The Origin of Private Property in Land

How did possession of land become individ­ualised ? There can be little doubt as to the general nature of the answer. Force in one form or the other is the sole cause adequate to make the members of a society yield up their combined claims to the area they inhabit. Such force may be that of an external agressor, but in either case it implies militant activity. . . . It seems possible that the primitive ownership of land by the community, which, with the development of coercive institutions lapsed in large measure or wholly into private ownership, will be revived as industrialism further developes. . . . In legal theory landowners are directly or indirectly tenants of the Crown (which in our day is equivalent to the State, or, in other words, the community). The com­munity from time to time resumes possession after making due compensation. Perhaps the right of the community to the land thus tacitly asserted will in time to come be overtly asserted and acted upon, after making full allowance for the accumulated value artificially given.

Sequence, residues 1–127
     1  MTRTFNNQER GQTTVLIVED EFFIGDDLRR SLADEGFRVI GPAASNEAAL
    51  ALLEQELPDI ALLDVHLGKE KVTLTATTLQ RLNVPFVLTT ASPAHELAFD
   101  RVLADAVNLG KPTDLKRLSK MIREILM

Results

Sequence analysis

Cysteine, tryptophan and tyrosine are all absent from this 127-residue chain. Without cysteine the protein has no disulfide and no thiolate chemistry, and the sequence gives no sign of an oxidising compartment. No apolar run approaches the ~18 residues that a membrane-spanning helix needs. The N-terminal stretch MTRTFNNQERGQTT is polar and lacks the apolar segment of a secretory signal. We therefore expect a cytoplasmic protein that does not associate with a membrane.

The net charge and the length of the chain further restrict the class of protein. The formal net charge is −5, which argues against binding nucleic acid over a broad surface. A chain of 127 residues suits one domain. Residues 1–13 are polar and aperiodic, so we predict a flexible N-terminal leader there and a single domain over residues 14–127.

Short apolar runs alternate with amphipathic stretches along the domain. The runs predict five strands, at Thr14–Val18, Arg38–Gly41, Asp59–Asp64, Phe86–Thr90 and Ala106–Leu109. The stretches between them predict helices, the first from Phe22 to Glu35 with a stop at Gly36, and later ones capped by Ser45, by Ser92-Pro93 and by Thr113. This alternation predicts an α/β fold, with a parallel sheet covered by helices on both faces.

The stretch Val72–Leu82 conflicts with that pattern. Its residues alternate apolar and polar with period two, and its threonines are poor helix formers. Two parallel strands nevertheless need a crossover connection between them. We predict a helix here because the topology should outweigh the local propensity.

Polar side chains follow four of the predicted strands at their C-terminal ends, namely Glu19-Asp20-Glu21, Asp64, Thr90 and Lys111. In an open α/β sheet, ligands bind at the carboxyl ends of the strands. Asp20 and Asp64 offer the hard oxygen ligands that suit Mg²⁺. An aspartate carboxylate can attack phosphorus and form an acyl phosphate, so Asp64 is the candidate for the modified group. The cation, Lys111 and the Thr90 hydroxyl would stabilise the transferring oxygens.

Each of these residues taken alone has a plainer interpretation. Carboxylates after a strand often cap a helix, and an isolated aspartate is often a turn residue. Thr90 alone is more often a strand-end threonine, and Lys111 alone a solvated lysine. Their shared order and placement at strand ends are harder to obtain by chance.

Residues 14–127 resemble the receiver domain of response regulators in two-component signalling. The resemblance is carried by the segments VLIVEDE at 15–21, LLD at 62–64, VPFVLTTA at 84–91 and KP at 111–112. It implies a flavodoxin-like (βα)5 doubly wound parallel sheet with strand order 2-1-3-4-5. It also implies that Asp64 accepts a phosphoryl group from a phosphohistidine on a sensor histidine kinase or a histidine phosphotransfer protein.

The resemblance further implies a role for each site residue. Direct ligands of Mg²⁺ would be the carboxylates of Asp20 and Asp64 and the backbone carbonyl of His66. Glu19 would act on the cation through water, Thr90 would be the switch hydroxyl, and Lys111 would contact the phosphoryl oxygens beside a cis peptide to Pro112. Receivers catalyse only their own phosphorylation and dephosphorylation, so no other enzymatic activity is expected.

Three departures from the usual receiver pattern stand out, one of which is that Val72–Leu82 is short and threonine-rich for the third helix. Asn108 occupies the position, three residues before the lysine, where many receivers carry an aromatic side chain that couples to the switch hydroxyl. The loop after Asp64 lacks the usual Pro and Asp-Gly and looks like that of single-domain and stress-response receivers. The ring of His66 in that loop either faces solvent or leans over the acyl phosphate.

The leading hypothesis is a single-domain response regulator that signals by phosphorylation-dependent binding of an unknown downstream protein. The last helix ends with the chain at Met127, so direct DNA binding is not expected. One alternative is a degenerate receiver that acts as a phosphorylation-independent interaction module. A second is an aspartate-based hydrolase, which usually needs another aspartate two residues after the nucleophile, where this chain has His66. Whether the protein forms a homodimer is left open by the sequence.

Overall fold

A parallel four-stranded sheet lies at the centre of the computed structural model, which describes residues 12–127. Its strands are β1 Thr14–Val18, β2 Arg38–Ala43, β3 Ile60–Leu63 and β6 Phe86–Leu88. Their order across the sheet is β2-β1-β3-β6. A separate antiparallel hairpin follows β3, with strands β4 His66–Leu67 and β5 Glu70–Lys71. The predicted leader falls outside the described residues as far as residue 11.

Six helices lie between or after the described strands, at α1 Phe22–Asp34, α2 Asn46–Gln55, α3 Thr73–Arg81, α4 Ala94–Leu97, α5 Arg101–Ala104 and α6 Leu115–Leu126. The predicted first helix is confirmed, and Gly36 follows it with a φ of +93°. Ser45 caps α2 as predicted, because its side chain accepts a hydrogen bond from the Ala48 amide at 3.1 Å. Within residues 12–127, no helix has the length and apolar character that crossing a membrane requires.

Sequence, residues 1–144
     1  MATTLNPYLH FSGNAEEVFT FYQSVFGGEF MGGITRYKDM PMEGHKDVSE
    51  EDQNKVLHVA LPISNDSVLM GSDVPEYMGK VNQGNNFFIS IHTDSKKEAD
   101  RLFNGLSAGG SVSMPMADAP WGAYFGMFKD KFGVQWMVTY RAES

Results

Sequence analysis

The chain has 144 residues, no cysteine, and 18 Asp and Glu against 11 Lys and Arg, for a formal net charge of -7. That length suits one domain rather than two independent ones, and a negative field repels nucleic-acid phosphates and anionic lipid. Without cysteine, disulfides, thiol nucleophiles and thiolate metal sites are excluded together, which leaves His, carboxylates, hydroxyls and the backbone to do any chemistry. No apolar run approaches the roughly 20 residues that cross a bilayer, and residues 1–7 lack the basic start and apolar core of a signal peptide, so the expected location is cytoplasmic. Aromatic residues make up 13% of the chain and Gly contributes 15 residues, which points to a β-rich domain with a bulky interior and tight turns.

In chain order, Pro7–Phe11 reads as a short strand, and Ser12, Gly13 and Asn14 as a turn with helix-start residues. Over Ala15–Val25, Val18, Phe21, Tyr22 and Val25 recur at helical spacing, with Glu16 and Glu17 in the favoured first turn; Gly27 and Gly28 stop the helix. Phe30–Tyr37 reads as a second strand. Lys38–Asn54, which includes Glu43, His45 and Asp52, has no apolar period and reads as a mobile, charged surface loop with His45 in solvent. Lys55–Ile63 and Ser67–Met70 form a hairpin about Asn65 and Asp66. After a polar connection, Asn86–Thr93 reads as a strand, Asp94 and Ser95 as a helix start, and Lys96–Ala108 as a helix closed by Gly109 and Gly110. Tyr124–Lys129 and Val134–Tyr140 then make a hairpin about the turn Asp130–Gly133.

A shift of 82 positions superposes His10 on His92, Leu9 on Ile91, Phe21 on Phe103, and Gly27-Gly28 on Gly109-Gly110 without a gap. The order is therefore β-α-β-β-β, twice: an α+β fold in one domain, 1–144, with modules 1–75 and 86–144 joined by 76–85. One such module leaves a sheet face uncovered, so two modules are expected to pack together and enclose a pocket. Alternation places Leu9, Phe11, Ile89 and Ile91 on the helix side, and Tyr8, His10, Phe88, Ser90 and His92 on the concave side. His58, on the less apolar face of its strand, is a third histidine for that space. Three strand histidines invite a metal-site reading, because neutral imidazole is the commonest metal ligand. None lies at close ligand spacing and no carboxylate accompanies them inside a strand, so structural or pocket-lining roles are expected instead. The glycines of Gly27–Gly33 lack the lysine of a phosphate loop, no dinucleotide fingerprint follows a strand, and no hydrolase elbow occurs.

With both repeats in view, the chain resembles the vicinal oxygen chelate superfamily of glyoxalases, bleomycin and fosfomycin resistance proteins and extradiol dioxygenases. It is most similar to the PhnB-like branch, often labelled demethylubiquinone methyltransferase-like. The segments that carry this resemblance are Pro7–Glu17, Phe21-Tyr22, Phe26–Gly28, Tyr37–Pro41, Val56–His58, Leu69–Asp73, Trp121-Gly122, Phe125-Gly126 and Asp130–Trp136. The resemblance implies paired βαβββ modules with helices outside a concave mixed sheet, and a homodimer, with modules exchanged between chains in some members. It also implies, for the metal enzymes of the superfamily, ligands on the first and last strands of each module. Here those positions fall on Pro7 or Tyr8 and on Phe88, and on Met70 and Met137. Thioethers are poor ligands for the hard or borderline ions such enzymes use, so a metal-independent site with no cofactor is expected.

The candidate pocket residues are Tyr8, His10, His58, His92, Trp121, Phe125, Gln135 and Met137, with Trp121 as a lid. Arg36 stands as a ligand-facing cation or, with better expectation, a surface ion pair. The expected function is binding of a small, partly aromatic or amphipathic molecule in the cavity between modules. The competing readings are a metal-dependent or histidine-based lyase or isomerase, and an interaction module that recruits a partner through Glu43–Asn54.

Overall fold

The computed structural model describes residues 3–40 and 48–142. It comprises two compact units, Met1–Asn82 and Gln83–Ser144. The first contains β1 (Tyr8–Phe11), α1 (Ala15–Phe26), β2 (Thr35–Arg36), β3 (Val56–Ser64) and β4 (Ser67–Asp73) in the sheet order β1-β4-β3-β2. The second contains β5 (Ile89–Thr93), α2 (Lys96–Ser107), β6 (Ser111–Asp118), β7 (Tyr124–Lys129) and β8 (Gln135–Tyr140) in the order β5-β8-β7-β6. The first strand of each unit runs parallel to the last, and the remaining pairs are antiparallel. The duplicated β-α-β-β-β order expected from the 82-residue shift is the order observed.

A gentleman in New Orleans was agreeably surprised to find a plump turkey served up for dinner one day, and enquired of his negro servant how it was obtained. “Why, sar, ” said Sambo, “dat turkey him roost on our fence tree nights, so dis morning me seize him for de rent ob de fence.”

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